September 12, 2011

Israel faces bigger threats than "Palestine"

I often hear observers lament that one party or other in a dispute is getting all worked up over a "symbol". The sad fact is, many wars have been fought over symbols, because symbols are usually important on both sides of a conflict.

Losing the United Nations vote on recognizing a Palestinian "UDI" (unilateral declaration of independence) is not Israel's biggest challenge right now.

Turkey, Egypt, Syria, Iran...

Israel seems to have fewer friends and fewer stable neighbors -- and more dangerous neighbors -- than it did a year ago.

Turkey has no longer on the edge of breaking relations with Israel, now it's already moving toward outright military confrontation. After three decades of effective peace that afforded Israel a quantum leap in economic and social progress, Egypt is no longer reliable either as a diplomatic gateway or as a vigilant neighbor. The Mubarak 2.0 regime has a range of reasons to use anti-Israel hostility to justify its own rule. (See under: Arab Spring)

Syria, once dependably repressive, subversive and sober, has responded to new protests by throwing more fuel on the anti-Israel fire, even as Hezbollah and Iran effectively control the government of Lebanon -- and if Syria's Assad regime falls, Israel could be facing new rules across its entire northern front.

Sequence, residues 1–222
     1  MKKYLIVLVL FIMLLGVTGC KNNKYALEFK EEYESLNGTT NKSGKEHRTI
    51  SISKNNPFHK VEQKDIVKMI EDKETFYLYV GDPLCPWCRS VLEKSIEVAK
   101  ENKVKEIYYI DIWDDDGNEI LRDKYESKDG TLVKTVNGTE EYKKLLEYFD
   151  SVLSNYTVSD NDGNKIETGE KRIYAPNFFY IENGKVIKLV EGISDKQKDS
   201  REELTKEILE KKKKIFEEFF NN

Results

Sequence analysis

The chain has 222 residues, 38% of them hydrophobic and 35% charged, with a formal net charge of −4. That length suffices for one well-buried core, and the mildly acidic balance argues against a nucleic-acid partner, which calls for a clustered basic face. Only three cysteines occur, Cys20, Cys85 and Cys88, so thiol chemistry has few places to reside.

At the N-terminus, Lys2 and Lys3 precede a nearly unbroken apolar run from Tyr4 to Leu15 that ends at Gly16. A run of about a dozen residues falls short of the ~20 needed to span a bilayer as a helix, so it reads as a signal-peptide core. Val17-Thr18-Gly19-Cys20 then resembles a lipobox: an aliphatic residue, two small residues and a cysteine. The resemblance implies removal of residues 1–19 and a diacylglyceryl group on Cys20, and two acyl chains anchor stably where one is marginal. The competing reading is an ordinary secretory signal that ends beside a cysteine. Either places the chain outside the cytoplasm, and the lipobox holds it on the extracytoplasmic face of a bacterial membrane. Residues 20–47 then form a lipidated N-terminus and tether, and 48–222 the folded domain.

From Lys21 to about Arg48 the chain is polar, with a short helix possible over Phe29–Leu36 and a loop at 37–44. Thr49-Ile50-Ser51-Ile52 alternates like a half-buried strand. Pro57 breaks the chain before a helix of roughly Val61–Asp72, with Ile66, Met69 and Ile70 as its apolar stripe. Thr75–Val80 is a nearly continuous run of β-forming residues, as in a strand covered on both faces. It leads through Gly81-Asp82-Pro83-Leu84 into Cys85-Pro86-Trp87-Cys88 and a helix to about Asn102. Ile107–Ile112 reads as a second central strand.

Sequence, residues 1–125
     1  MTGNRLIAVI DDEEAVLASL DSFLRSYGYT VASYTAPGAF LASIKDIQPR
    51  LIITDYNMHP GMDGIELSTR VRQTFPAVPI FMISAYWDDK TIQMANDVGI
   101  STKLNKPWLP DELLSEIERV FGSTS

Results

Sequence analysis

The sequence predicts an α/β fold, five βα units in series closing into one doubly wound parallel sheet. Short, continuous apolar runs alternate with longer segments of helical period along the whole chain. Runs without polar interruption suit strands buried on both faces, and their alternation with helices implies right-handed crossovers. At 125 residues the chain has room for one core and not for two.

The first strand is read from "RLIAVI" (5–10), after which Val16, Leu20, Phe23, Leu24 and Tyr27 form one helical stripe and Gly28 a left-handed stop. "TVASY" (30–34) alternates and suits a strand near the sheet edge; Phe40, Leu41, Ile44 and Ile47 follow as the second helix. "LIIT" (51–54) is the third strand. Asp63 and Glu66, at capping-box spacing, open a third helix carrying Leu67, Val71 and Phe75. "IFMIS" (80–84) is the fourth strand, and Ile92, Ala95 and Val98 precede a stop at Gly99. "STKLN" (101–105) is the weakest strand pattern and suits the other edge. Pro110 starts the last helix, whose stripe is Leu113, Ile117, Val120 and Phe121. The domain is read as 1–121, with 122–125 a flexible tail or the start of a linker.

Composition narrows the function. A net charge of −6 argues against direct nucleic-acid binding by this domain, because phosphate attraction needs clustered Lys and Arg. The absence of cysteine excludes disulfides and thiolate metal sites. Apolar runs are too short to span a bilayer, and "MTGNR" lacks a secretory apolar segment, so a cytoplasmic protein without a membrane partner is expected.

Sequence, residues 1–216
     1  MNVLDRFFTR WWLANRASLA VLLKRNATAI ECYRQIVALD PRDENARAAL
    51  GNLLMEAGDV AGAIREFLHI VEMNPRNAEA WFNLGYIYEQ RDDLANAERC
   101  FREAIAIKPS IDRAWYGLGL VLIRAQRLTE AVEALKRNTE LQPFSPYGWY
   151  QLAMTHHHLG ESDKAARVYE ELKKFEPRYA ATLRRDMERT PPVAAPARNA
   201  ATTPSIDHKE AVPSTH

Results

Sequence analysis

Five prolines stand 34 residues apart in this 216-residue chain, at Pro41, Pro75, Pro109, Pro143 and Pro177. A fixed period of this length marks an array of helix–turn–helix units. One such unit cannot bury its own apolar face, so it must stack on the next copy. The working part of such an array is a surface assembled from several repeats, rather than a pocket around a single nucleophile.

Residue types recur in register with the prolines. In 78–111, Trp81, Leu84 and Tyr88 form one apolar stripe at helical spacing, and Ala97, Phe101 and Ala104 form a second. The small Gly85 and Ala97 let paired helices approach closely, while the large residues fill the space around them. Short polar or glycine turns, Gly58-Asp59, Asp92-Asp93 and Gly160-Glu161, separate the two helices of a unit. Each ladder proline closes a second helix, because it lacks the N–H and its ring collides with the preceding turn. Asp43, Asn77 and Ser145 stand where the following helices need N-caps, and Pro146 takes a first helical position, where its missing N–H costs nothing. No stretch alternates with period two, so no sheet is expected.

Iran, Israel's primary existential threat -- unchanged since long before 9/11 and the subsequent U.S. invasion of Iraq -- continues to inch toward a nuclear attack capability. The Bushehr reactor is finally up and running, generating power for Iran's electric grid (and that's not all).

With so many clear and present dangers, what will be the focus of Israeli diplomacy this month and next, as world leaders encamp in New York for the opening of the UN General Assembly and other global gatherings? Mounting a symbolic challenge to the Palestinians' promised unilateral declaration of independence (UDI).

The United States will veto any related resolution that reaches the Security Council, as it should, but the symbolic war over recognizing Palestine will be fought and lost (by Israel and the U.S.) in the General Assembly. Symbolism aside, there seems little to be gained by focusing Israel's (and Washington's) diplomatic resources in a way that brands Jews as opposing self-determination for anyone -- let alone for the Palestinians, and especially against the backdrop of the first true popular stirrings of Arab democracy around the Middle East, especially when Israel would seem to be facing unambiguous and substantive threats to its physical existence.

No comments:

Post a Comment